She went immediately still and silent, grabbing onto his shirt. Button was their code word; it meant Izzy should be quiet and obedient, and it was the one command she never, ever disobeyed because he used it so rarely. If a stranger bothered her, she knew to shout and run unless that stranger gave her the code word. Clint had taught his daughter many things, and the safety of her own life was the top of that list. Outside of the two of them, only Natasha knew the code word. Phil had, but Phil was dead --
"JARVIS?" Clint called.
"Agent Romanoff has had no unusual interactions since you left the tower," JARVIS said. "Biometric readings confirm that Agent Coulson appears, against all odds, to be alive and well."
"Odds," Clint muttered. "Where is everyone?"
"Sir is on the executive floor with Ms. Potts," JARVIS said. "Dr. Banner is not in the building. Captain Rogers is in the kitchen."
Clint saw Steve emerge, then, carrying a glass of water; Steve stopped a few feet into the living room and looked around warily.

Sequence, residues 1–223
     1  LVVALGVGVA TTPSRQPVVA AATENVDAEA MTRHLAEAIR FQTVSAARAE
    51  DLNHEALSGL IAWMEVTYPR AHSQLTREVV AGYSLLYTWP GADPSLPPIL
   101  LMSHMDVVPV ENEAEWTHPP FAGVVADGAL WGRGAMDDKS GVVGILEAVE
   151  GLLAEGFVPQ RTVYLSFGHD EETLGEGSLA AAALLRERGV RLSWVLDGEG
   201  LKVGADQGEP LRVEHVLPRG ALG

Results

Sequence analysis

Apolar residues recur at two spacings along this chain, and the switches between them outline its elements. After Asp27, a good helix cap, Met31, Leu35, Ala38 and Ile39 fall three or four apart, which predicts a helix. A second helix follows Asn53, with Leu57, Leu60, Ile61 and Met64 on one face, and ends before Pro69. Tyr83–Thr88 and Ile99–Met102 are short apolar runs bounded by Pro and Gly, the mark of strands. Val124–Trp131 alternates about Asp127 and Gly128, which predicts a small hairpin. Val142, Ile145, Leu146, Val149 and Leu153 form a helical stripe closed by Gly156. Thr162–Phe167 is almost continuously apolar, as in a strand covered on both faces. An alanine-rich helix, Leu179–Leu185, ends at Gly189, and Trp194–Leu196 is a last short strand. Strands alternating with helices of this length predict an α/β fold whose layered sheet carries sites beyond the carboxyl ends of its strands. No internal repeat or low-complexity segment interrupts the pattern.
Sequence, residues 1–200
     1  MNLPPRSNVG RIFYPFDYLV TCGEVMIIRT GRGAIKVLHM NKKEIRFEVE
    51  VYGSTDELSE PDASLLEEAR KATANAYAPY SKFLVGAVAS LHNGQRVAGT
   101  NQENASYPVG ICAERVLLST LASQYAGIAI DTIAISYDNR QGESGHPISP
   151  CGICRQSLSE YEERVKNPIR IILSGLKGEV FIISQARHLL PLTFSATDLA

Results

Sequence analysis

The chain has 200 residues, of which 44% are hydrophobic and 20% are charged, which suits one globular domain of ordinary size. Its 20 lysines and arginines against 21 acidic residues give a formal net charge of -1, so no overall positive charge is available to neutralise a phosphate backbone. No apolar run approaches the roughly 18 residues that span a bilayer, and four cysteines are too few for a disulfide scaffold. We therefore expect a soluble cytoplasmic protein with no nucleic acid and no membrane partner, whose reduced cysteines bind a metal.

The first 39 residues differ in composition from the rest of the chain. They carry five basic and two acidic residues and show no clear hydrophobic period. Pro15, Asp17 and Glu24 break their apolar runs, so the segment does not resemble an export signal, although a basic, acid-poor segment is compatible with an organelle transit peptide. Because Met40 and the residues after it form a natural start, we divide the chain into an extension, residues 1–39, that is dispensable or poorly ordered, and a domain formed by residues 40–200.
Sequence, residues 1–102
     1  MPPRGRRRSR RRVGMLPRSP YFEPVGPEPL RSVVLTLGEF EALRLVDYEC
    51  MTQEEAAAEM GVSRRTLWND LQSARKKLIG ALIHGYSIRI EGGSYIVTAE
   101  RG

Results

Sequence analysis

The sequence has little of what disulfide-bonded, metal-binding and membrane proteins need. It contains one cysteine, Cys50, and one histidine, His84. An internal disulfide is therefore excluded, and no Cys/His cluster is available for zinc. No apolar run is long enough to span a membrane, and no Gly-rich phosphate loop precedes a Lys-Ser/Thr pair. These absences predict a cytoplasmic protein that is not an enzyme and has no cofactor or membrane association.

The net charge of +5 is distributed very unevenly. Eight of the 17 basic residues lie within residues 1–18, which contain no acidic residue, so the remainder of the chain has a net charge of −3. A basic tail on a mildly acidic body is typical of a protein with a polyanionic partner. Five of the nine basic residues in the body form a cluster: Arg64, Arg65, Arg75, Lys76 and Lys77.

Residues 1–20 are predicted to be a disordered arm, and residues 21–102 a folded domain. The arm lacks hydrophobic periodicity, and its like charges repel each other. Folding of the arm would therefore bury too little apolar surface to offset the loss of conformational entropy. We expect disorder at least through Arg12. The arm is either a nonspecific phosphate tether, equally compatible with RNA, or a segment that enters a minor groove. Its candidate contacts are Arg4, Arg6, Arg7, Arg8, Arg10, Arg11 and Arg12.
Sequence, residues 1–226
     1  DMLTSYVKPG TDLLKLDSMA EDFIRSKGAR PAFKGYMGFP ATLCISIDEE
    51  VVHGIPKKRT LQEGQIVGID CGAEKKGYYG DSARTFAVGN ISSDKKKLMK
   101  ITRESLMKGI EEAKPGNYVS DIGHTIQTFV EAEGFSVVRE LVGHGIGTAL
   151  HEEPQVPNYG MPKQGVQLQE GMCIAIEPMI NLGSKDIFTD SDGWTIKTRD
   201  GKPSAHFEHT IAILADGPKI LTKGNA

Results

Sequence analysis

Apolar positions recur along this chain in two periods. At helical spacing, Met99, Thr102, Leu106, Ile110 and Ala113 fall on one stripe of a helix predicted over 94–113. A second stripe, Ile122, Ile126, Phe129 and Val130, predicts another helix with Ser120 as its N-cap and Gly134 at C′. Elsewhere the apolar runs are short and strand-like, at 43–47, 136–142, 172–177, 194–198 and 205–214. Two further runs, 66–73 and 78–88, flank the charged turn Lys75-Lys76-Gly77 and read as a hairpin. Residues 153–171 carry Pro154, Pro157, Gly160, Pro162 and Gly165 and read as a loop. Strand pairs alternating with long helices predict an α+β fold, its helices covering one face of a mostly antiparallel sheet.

"Steve?" Clint prompted.
"Let him explain," Steve said calmly, handing the water to Coulson -- or whatever was wearing his skin. Clint hadn't yet decided.
He trusted Natasha more than Steve -- but he also trusted the incorruptibility of Captain America. There was just something about him that you could read so easily, and which Clint had never seen anyone able to replicate. Natasha might not be herself, but you couldn't look at Steve and believe he was anyone other than Steve.
"I might have some mental issues I'm working through," Clint said slowly, turning to Coulson, "but I'm very positive I didn't hallucinate Natasha telling me you were dead."
He could feel Izzy's heartbeat against his ribcage, fragile and quick like a bird's.
"I was," Coulson said calmly. He was keeping still as well.
"He was on the Helicarrier," Natasha said. "I brought him here. I'm reasonably certain it's him."
"Zombie resurrection Coulson," Clint said, skating along the edges of what was probably a spectacular nervous breakdown.
"You remember when I said Fury had his fingers in some unusually weird pies?" Natasha asked. She gestured at Coulson. "Selvig and Foster found him. They brought him back last night."
"You weren't MIA," Clint said to Coulson.